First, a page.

An exploding universe of researchers, activists, NGOs and Israeli officials joined the fray. These included Palestinian Media Watch, StandWithUs and NGO Monitor. Each added a disclosure, study, or proof point to the case.

In February 2015, a rare media intervention lawsuit (similar to a Freedom of Information Act request, but directed at private litigation) secured some 5,000 pages of US court-sealed PLO terror salary documents. The files proved that senior PA officials — including President Abbas himself — scrutinized the details of the acts that terrorists committed before approving monthly salaries. PA leaders could no longer distance themselves from the salary program.

The first tectonic shift came in March 2016 at the AIPAC annual policy conference in Washington, D.C. During the run-up to the conference, numerous pro-Israel groups, led by StandWithUs, reminded US politicians and candidates that terrorist salaries must be opposed. Their efforts paid off. Hour after hour, every candidate’s speech, from Donald Trump to Hillary Clinton, loudly proclaimed that the PA had to stop rewarding terrorists. From that moment on, the mumble and grumble became a public roar.

In September 2016, a group of leading Republicans introduced the Taylor Force Act, named for the 28-year-old Texas student who was killed by a terrorist while in Israel. The proposed legislation, which is still stuck in committee, would terminate all PA funding if payment of terrorist salaries continues. The measure has been a rallying call for pro-Jewish groups.

A second jolt occurred in October 2016, when British International Development Secretary Priti Patel briefly halted £25 million in aid to the PA, conceding that it may have gone to pay terrorist salaries — a conclusion he previously denied. Yet funding quickly resumed with the PA assurance that only regular PA employees would be paid. Ironically, many of the thousands of staffers on the PA’s employment payrolls hold phantom jobs awarded to convicted terrorists who are still sitting in Israeli prisons.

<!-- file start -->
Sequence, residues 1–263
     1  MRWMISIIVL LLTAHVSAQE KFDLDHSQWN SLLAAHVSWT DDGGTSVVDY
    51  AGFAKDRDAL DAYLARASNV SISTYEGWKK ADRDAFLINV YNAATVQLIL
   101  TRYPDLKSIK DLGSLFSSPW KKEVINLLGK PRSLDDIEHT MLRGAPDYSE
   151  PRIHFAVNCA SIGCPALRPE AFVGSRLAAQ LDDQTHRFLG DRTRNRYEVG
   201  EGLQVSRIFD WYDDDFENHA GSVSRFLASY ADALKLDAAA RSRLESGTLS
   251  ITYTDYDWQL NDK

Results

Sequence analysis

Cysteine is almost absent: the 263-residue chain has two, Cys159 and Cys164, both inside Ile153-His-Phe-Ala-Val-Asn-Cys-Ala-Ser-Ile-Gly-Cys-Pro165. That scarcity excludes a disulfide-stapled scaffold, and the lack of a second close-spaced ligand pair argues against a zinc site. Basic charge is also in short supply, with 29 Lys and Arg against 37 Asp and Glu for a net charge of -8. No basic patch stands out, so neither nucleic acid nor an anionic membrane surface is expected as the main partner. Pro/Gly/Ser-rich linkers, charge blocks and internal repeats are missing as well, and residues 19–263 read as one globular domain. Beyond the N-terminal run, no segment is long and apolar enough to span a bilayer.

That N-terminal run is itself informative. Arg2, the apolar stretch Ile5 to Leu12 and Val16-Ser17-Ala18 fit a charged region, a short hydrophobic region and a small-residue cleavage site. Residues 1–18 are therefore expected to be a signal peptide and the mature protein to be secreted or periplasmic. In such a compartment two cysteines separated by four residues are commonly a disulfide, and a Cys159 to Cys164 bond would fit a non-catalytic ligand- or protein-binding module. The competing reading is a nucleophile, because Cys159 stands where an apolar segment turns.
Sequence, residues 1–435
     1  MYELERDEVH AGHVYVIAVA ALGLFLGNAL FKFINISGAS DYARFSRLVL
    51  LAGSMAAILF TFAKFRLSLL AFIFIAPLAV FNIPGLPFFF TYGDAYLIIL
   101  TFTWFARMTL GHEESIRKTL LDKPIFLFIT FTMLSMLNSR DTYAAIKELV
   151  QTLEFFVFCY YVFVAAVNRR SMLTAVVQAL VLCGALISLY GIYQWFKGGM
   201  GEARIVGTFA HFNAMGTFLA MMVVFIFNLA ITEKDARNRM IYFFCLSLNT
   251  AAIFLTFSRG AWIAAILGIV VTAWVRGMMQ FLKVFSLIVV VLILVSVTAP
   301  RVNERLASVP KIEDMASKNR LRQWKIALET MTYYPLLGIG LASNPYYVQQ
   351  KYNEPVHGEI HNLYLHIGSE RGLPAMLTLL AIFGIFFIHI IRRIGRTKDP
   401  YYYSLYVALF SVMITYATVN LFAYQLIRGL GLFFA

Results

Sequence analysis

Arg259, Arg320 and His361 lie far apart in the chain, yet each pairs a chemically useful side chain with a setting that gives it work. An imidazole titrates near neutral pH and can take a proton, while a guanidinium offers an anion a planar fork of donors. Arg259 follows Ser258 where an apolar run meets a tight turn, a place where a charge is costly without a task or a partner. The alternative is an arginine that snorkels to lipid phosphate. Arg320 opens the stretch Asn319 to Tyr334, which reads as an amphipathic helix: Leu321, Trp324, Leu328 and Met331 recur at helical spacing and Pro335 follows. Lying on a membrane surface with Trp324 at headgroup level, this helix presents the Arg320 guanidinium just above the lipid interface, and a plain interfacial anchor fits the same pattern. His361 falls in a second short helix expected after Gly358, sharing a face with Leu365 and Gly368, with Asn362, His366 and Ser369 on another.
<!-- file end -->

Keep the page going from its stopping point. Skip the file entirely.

On November 1, 2016, just a week before the American election, former Israel intelligence officer Yossi Kuperwasser put all the numbers together for the Jerusalem Center for Public Affairs. He documented that the salaries, plus “martyr” payments to families of terrorists, plus regular terror bonuses,  had increased to $300 million per year. In the nearly four years since the original 2013 disclosures, the PA had spent a stunning one billion dollars on terror. In 2016, nearly 30 percent of all foreign money received was diverted to the cause of terror.

Israel’s ambassador to the UN, Danny Danon, recently called a press conference at the UN displaying a large poster declaring: “The Palestinian Authority has paid a $1,000,000,000 to terrorists.” Yet the true number actually exceeds one billion dollars if other diversions from education, sports and security funds are tallied.

On May 3, 2017, President Trump met with President Abbas. According to a White House statement, “President Trump raised his concerns about payments to Palestinian prisoners in Israeli jails who have committed terrorist acts, and to their families, and emphasized the need to resolve this issue.”

On May 26, 2017, Norway’s Foreign Minister learned that a women’s center that it funded in the PA territories was named for a notorious terrorist who massacred a bus full of passengers. Norway’s Minister of Foreign Affairs Børge Brende declared, “The glorification of terrorist attacks is completely unacceptable.” He demanded the money be repaid.

On June 3, 2017, 277 recently-released Hamas terrorists publicly complained that their salaries had been suspended to appease the Trump administration. Soon, Iran stepped in to provide a special subvention. Two days later, Kuperwasser published an analysis suggesting that the PA may at last be genuinely backing away from the salary program as a concession to Washington. But since, then, Palestinian public opinion, agitation by the Palestinian quasi-NGO “Prisoner’s Club” and other public pressures has caused Abbas to openly deny that the PA will ever stop paying prisoner salaries. When Trump senior advisor Jared Kushner met with Abbas in Ramallah on June 21, the session reportedly blew up over terrorist salaries. Abbas vehemently refused to curtail the payments.

As recently as July 2, Abbas publicly proclaimed: “Even if I will have to leave my position, I will not compromise on the salary (rawatib) of a Martyr (Shahid) or a prisoner.”

The next chapter in the saga of taxpayer-funded terrorism will be written by the policymakers of governmental paymasters — undoubtedly in blood.

Edwin Black is the New York bestselling author of IBM and the Holocaust, and Financing the Flames, which in November 2013 broke the terrorist salaries story worldwide. He filed suit to obtain some 5,000 court-sealed PA terror salary documents, and has testified or presented on the subject in five national legislatures.